“The Magi”

Pastor David Moore

Old Testament reading: Isaiah 56:1-8 (NIV)  

This is what the Lord says:  

“Maintain justice and do what is right, for my salvation is close at hand and my righteousness will soon be revealed. Blessed is the one who does this— the person who holds it fast, who keeps the Sabbath without desecrating it, and keeps their hands from doing any evil.”  

Let no foreigner who is bound to the Lord say, “The Lord will surely exclude me from his people.”  And let no eunuch complain, “I am only a dry tree.”  

For this is what the Lord says:  

“To the eunuchs who keep my Sabbaths, who choose what pleases me and hold fast to my covenant—to them I will give within my temple and its walls a memorial and a name better than sons and daughters; I will give them an everlasting name that will endure forever. And foreigners who bind  themselves to the Lord to minister to him, to love the name of the Lord, and to be his servants, all who keep the Sabbath without desecrating it and who hold fast to my covenant—these I will bring to my holy mountain and give them joy in my house of prayer. Their burnt offerings and sacrifices will be accepted on my altar; for my house will be called a house of prayer for all nations.” The Sovereign Lord declares— he who gathers the exiles of Israel: “I will gather still others to them besides those already gathered.”  

Theme: Matthew uses the story of the Magi to teach us that knowing Jesus and knowing Him well. We then will be able to serve Him because of how He already has served us.  

New Testament reading: Matthew 2:1-12 

After Jesus was born in Bethlehem in Judea, during the time of King Herod, Magi from the East came to Jerusalem and asked, “Where is the one who has been born king of the Jews? We saw his star in the  east and have come to worship him.”  

When King Herod heard this he was disturbed, and all Jerusalem with him. When he had called together all the people’s chief priests and teachers of the law, he asked them where the Christ was to be born. “In Bethlehem in Judea,” they replied, “for this is what the prophet has written:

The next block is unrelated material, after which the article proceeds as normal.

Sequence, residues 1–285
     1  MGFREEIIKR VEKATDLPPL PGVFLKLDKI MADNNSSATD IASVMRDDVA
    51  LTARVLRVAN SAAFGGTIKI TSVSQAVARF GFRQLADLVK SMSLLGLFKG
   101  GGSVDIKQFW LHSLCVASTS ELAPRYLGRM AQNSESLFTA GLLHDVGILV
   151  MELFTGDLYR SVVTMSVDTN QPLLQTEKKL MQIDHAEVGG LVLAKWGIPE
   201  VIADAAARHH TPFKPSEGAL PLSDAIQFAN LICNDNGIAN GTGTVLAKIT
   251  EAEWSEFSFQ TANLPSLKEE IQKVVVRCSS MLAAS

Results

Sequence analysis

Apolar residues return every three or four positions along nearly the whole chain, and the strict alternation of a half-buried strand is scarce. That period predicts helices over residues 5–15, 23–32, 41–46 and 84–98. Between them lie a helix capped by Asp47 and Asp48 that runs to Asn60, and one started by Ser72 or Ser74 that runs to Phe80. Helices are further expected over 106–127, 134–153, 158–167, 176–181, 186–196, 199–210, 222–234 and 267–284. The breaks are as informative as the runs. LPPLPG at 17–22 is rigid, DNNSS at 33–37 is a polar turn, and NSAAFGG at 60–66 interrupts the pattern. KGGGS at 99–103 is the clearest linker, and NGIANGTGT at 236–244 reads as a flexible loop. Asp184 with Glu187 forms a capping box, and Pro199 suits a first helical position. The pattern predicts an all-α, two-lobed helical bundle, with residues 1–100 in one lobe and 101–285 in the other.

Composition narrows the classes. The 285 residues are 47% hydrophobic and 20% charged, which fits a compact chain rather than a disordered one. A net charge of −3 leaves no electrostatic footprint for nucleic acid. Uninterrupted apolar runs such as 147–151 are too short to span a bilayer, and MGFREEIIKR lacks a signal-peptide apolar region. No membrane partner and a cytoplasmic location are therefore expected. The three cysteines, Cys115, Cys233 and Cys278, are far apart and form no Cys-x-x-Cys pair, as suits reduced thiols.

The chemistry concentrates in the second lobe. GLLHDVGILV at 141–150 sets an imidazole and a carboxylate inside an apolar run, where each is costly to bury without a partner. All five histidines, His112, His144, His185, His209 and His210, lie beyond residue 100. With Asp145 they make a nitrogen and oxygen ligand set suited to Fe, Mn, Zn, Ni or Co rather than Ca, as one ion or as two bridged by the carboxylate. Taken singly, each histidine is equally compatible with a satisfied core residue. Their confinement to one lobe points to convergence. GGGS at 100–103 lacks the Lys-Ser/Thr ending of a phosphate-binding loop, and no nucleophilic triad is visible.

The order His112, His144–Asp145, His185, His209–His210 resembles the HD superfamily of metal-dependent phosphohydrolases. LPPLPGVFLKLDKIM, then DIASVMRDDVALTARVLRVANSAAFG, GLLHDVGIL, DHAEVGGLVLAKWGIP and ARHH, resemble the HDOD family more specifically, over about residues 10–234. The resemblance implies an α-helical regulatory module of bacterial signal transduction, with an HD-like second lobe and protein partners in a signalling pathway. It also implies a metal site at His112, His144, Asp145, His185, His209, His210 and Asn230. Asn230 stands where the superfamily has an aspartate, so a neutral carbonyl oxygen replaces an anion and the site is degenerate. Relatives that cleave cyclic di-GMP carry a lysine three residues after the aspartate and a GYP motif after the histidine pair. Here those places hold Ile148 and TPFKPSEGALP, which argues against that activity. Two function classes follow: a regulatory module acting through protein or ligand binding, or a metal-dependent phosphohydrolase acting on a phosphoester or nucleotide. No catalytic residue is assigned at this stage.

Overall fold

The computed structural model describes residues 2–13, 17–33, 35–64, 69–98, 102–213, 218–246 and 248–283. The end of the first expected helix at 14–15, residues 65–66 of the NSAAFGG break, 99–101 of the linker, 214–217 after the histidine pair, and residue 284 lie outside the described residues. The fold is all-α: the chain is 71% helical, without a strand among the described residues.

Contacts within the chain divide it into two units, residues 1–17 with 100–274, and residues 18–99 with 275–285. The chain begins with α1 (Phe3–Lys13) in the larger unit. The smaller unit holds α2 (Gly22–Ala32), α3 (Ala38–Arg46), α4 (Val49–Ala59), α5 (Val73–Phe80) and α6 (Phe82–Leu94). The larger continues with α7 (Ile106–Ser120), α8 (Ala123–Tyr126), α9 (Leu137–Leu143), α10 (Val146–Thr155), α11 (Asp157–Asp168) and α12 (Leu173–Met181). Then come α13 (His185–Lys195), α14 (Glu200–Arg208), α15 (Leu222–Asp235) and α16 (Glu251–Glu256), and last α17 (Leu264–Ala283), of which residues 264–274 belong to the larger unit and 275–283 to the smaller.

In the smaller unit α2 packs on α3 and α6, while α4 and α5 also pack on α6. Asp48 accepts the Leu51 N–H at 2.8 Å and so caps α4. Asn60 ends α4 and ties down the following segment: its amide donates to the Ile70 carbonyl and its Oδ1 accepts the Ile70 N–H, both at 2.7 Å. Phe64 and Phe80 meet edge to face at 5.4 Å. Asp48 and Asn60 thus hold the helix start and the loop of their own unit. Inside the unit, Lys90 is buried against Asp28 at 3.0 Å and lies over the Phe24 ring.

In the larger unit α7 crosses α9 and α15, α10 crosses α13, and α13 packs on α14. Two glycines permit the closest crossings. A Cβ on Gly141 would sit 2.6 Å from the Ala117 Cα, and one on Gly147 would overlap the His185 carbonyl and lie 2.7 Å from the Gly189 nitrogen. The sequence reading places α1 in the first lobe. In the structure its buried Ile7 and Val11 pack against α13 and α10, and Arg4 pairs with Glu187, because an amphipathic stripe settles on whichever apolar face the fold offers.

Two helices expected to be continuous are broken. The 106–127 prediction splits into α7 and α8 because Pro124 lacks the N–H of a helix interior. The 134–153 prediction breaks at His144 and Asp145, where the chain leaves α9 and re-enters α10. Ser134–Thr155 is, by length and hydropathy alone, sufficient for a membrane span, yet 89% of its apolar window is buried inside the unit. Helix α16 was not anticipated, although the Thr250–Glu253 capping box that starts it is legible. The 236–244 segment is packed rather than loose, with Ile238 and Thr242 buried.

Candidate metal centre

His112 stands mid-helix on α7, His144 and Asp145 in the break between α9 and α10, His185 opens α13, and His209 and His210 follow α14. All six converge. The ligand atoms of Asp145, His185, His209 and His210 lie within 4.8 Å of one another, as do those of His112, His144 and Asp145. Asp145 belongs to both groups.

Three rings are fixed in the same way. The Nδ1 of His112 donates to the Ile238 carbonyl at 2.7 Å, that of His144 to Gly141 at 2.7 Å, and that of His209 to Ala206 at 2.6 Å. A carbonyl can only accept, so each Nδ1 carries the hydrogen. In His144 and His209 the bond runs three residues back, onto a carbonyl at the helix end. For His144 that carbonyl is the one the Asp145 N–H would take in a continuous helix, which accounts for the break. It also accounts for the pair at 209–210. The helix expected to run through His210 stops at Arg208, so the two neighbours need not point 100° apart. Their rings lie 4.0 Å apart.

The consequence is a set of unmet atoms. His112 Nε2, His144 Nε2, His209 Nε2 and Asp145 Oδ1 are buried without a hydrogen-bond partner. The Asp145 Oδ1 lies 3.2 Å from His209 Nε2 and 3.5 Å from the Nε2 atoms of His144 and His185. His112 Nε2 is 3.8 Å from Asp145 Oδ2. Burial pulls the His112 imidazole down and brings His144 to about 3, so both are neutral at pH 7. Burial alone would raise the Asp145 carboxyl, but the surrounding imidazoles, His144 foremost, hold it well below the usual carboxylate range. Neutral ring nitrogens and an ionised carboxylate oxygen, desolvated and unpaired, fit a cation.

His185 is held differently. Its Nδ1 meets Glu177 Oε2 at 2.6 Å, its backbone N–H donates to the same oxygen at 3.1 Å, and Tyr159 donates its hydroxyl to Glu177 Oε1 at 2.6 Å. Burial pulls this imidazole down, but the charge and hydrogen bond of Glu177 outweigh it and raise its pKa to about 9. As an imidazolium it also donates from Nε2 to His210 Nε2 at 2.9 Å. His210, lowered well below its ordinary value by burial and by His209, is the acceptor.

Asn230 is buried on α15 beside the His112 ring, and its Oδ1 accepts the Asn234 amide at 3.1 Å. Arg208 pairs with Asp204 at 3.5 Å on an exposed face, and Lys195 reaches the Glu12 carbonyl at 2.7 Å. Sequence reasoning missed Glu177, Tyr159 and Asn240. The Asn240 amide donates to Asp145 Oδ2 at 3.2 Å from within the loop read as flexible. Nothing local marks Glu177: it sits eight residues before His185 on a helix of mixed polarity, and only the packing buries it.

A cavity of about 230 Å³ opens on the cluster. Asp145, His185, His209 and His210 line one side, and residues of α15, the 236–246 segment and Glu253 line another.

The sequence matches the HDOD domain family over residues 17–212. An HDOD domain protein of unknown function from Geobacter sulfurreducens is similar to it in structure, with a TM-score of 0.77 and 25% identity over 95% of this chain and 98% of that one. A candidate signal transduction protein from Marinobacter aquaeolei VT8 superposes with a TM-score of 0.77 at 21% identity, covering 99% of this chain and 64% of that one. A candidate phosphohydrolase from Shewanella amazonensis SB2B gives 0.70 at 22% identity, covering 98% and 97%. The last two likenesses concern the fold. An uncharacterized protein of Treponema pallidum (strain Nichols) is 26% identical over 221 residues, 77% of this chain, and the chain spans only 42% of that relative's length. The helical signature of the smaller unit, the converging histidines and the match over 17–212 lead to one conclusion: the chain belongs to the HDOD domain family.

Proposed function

But you, Bethlehem, in the land of Judea, are by no means least among the rulers of Judah; for out of you will come a ruler who will be the shepherd of my people Israel.”  

Then Herod called the Magi secretly and found out from them the exact time the star appeared. He sent them to Bethlehem and said, “Go and make a careful search for the child. As soon as you find him, report to me, so that I too may go and worship him.”  

After they had heard the king, they went on their way, and the star they had seen in the east went ahead of them until it stopped over the place where the child was. When they saw the star, they were overjoyed. On coming to the house, they saw the child with his mother Mary, and they bowed down and worshiped him. Then they opened their treasures and presented him with gifts of gold and of incense and of myrrh. And having been warned in a dream not to go back to Herod, they returned to their country by another route.  

Magi were emissaries of the King of Nabataea, and they were star gazers.  

Why does Matthew write about the Magi?  

1. Matthew is writing to his fellow countrymen Jews. 

2. Matthew tries to address the Jewish struggle with life with only the context of the Torah. 
3. Matthew writes about forgiveness coming to worship Jesus. (Jesus is for all people worldwide, not just the Jews.)  ~D. Moore  

Three different reactions to Jesus’ birth:  

1.  Jesus is a potential threat to Herod and his control of Judea.  

2. The next reaction is the scholars (the people who doubt the Magi.) They believed enough to send people to check out the new King. The birth doesn’t directly impact their life. They live life as though God doesn’t exist. They live their life in such a way that God never enters their minds for decision making.  

3. The third group is the Magi. They came seeking God and found Him. The Magi worship Jesus and then present their gifts. The order is key. They first recognized Jesus for who He is and appropriately worshiped God, they willingly offered their talents to God.  ~D. Moore  

From my experience, it takes time while my faith matures to the point. That God is good and righteous, and He has given me everything I truly need, starting with His righteousness, His place before God, He has made me an heir and His child is whatever He asks of me, and I am willing to give. ~D. Moore  

Think about the story of the Magi. The temptation for us is to be like the scholar, we know about Jesus, but don’t know Jesus. We are to know Jesus well enough to serve Him, because of how He has already served us. Christ has asked us to help others to know Him, on a personal level. ~D. Moore  

This year: make it a goal to know God better than you did last year. It will change you. God bless!